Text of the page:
High-Speed Diesel-Electric Attack Submarine
Constructed from 1943 onwards, I-201 and her sister ships never managed a wartime patrol before the end of World War 2.
Authored By: Staff Writer | Last Edited:
Amid mounting losses to Allied warships, submarines and attack aircraft across the Pacific, the Japanese Navy was forced to enact an emergency submarine-building program during 1943-1944. This initiative produced the impressive I-201-class of fast ocean-going diesel-electric attack submarines. The class was to prove one of the better IJN submarine designs and feature revolutionary features matched only during the period by the groundbreaking Type XXI design of Germany (detailed elsewhere on this site). Of the 22 boats planned, only three were completed and none were sent on war patrols before the war ended in August of 1945. Only eight of the group were ever named / designated (I-201 to I-208).
I201-class hulls were given an electric-welded treatment and relatively lightweight diesel marine engines which helped to reduce displacement while providing for increased diving speeds. A rubber-based coating also aided in sound-reduction and powerful electric motors drove the boat when submerged to speeds nearing 20 knots - this at a time when most other submarines could manage submerged speeds of around 8-10 knots at most.
In the case of I-201 herself - the lead ship of the class - the boat exhibited a length of 259 feet, a beam of 19 feet and a draught of 18 feet. The German-originated MAN diesels outputted 2,750 horsepower and the electric motors combined for an impressive 5,000 horsepower. Both propulsion systems drove the same twin-screw arrangement astern. Surfaced speeds reached 16 knots with undersea speeds reaching nearly 20 knots. Range was out to 15,000 nautical miles.
The crew complement totaled fifty and the boat's endurance reached thirty days at sea before a resupply was in order. The boat's profile was very streamlined and well-rounded with the sail set at midships. The hull was characterized by bulging lower side walls running nearly the entire length of the boat. The aft planes were set low in the design while dive planes were fitted forward on the bow section.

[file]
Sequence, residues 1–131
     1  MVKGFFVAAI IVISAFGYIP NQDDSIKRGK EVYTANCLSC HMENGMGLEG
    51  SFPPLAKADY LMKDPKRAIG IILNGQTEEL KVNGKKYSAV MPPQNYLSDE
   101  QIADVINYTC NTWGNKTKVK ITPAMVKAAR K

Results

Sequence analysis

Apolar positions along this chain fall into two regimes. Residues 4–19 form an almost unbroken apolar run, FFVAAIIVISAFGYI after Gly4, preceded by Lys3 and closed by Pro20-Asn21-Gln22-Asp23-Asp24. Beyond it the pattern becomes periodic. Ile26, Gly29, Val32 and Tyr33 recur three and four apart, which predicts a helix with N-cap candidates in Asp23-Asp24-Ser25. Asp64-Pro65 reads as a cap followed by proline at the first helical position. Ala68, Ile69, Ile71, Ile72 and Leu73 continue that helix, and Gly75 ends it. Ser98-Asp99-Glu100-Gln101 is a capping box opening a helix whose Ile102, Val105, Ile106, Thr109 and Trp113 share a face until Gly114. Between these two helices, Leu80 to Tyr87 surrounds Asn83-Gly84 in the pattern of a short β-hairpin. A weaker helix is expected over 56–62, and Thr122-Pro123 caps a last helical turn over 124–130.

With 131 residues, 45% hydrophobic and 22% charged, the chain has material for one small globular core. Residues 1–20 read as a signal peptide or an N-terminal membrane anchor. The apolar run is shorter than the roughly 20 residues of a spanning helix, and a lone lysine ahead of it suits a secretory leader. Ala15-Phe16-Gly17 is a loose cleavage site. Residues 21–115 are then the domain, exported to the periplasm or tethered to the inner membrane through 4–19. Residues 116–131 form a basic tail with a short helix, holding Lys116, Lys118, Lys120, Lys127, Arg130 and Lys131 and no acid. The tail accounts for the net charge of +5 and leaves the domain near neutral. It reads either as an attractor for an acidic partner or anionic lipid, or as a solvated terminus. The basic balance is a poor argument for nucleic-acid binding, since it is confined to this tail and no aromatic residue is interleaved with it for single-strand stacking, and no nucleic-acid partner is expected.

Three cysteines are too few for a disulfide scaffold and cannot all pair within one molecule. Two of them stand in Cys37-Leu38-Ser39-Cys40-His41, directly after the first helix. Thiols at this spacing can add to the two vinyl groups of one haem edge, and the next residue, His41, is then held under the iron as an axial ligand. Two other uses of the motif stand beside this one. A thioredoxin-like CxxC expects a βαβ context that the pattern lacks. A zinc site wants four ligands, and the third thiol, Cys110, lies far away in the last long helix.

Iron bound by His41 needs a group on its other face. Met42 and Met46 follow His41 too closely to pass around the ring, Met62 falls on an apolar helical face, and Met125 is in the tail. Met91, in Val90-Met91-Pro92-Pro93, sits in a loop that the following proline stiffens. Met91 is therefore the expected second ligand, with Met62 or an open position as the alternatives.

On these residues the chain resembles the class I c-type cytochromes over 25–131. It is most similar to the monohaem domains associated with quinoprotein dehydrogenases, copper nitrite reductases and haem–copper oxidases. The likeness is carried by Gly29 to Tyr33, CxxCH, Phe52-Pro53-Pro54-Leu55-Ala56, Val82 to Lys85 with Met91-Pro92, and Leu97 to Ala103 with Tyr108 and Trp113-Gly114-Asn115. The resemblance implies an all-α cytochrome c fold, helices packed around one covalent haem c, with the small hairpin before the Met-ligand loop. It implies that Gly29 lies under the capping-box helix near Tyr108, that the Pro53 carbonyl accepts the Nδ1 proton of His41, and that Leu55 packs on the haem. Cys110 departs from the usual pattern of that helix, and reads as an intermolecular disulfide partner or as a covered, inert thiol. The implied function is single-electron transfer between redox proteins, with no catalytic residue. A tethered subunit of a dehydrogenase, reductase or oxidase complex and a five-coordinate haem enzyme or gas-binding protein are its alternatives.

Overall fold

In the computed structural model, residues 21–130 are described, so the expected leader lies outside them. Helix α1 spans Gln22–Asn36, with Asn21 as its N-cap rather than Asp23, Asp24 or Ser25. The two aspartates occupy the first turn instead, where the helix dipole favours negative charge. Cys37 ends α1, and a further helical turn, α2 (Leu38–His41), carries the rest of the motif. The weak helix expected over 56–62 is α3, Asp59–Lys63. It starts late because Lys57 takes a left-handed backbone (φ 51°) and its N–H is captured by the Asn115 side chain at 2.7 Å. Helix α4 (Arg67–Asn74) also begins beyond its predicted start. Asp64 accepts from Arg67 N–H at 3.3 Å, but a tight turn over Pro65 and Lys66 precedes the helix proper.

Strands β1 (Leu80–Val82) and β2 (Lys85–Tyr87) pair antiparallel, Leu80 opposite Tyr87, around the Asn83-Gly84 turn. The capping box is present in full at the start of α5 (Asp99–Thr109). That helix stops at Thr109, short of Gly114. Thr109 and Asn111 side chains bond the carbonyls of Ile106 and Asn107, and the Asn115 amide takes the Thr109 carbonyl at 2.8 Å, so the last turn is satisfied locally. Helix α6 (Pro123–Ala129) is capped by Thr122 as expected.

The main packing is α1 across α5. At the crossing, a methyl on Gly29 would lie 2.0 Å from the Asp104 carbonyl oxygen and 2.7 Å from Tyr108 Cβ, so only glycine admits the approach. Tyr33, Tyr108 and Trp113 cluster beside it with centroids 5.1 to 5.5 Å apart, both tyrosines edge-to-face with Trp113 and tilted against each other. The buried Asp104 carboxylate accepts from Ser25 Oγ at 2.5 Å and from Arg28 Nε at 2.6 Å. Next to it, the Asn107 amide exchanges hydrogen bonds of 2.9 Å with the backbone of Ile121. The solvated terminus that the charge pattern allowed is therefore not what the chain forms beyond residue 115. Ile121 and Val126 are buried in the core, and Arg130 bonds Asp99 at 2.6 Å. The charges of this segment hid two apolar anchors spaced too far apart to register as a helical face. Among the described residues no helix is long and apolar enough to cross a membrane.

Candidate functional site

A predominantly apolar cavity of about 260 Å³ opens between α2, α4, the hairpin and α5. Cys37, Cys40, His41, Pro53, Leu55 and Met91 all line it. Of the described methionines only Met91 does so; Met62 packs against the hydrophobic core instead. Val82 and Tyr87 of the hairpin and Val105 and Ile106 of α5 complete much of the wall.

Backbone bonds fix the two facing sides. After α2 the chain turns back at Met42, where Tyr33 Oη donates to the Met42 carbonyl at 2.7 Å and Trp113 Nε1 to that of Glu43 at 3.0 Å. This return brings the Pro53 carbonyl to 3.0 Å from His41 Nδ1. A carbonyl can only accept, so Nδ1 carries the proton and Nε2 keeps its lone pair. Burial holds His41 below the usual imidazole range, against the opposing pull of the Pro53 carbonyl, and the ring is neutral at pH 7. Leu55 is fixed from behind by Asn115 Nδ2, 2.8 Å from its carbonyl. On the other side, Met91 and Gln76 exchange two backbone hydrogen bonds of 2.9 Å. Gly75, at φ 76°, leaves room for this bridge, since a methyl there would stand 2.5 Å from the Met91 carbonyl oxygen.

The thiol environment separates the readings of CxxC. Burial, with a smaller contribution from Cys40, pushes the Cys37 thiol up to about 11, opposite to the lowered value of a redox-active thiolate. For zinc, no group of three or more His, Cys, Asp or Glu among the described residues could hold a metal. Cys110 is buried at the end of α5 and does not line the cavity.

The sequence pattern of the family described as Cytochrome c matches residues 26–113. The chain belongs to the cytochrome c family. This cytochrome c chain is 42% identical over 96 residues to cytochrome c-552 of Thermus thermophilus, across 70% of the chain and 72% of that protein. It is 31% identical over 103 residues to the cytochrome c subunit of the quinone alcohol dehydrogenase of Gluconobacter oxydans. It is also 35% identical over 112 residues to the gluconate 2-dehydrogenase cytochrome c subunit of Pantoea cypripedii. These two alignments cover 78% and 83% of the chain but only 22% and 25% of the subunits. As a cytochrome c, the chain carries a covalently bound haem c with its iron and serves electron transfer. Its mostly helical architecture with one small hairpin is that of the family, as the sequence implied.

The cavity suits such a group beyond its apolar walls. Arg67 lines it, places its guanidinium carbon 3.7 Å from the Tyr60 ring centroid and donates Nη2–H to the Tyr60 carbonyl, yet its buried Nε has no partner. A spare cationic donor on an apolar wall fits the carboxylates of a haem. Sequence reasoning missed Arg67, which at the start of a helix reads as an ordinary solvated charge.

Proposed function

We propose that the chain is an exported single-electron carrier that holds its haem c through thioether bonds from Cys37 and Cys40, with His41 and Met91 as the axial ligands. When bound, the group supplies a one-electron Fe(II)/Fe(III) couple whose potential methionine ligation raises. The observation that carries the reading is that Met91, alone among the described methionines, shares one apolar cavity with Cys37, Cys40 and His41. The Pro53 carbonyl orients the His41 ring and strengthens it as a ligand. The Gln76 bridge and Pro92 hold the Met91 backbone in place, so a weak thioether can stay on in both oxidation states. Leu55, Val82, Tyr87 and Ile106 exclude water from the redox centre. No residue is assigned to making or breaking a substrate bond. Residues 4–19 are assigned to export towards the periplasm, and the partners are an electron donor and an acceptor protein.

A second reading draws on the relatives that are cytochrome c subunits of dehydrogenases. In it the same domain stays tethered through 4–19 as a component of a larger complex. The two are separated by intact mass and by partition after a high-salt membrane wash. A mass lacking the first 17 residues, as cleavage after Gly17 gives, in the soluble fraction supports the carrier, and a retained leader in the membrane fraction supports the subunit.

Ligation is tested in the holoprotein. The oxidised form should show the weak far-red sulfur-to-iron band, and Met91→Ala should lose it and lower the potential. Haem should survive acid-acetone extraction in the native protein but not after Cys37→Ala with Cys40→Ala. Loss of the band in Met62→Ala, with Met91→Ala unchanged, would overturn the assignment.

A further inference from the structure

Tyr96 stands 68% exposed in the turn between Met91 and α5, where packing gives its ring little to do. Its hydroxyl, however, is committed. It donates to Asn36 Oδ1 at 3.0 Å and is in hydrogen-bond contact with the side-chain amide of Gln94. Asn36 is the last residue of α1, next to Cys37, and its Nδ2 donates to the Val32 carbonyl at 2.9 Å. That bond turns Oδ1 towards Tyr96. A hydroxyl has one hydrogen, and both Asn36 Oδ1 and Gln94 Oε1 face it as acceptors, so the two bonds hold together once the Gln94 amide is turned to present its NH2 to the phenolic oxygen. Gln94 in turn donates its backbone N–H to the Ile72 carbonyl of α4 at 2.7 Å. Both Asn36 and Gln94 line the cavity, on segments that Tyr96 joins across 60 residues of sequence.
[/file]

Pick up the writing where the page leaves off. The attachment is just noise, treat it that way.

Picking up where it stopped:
Armament centered on 4 x 533mm (21") torpedo tubes at the bow seated in pairs, two launchers to a hull side. There were ten total reloads which limited the number of "spreads" the boat could put out. For surface work, I-201 was granted the services of 2 x 25mm Anti-Aircraft (AA) cannons, one mounted on a pedestal fore of the sail and the other in a similar mounting aft of the sail. Both 25mm mounts retracted into the hull when traveling to aid in streamlining the vessel.
I-201 was laid down on March 1st, 1944 and launched on July 22nd of that year, finally completed on February 2nd, 1945. I-202 followed with her keel laid down on May 1st, 1944 and being launched on September 2nd, 1944. She was completed on February 12th, 1945. I-203 was laid down on June 1st, 1944 and launched on September 20th, 1944. She was completed on May 29th, 1945.
I-204, I-205, and I-206 were launched in December 1944, February 1945 and March 1945 respectively but never completed. I-207 and I-208 had their construction begin in 1944 and 1945 respectively but were not launched before war's end.
With superb speed, diving capabilities and a healthy endurance window, I-201-class would have proven a fearsome opponent in the hands of a proper captain and capable crew - particularly in large numbers had they been available. However, the war in the Pacific ended before the vessel could be put to good use and the design was eventually claimed by conquering Americans who sent it back to Hawaii for extensive testing of its capabilities and systems.
I-201 was eventually sunk as a target off the coast of Oahu, Hawaii during 1946. I-202 was scuttled at the Goto Islands in April 1946. I-203 was sunk as a target, also off the Hawaiian coast in May of 1946. The hulk of I-201 was only recently discovered in 2009.